When it comes to extending the learning experiences afforded to us through play, it's all about capitalising on things that we are already doing - like questioning. Questioning falls quite naturally alongside play and our questioning before, during and after playful experiences can only further extend meaning making, language development and early literacy skills - without interfering with the business of the play itself. In the infant classroom, as teachers, we are constantly questioning and constantly encouraging the children to question as they play and learn.
A fantastic opportunity to work on questioning and recounting play experiences, is during the immediate moments following the play session. After the play has ceased, after the tidy-up is complete; seizing a few moments to question the play, the events during play, the emotions during the play, can provide lots of natural but purposeful invitations into recounting, recalling, describing, explaining, sequencing...and much more.
A post-play Q&A can easily become part of the play routine - something the children associate as part of the daily play experiences. We plan, we play, we explain! It helps bring a closure to the play experience, without an abrupt halt. The children have time to think, to share, to remember and to relate - while the play experience is still fresh in their memory.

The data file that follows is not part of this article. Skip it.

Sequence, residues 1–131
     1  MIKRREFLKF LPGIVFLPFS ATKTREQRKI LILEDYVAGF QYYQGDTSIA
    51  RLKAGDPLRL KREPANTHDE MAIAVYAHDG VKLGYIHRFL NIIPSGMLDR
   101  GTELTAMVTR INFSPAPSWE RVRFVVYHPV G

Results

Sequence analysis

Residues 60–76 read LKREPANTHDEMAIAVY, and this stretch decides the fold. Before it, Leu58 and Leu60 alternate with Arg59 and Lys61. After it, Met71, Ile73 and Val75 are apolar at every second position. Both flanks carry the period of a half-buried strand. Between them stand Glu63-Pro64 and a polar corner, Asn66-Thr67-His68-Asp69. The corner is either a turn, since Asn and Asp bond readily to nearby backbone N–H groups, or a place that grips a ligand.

How to get started?
Build your bank of questions that you will choose from consistently. The more the children become familiar with them, the more comfortable and confident they become in forming and sharing their responses. The more they hear them the more likely you are to notice the children using them in their own conversations too.
Download my Post-Play Q&A Guiding Questions:
Keep it playful.
Rather than run the risk of the Q&A experience becoming laboured or overwhelming, it can be useful to rotate through different formats across the week. Question dice act as a useful scaffold and invitation into the Q&A experience - while also creating some subtle opportunities for emergent reading.
Don't forget to include a subtle visual prompt or symbol to match each question as a cue for emergent readers.
Purposeful, effective, language rich...and incorporates a wealth of your PLC learning outcomes for Oral Language.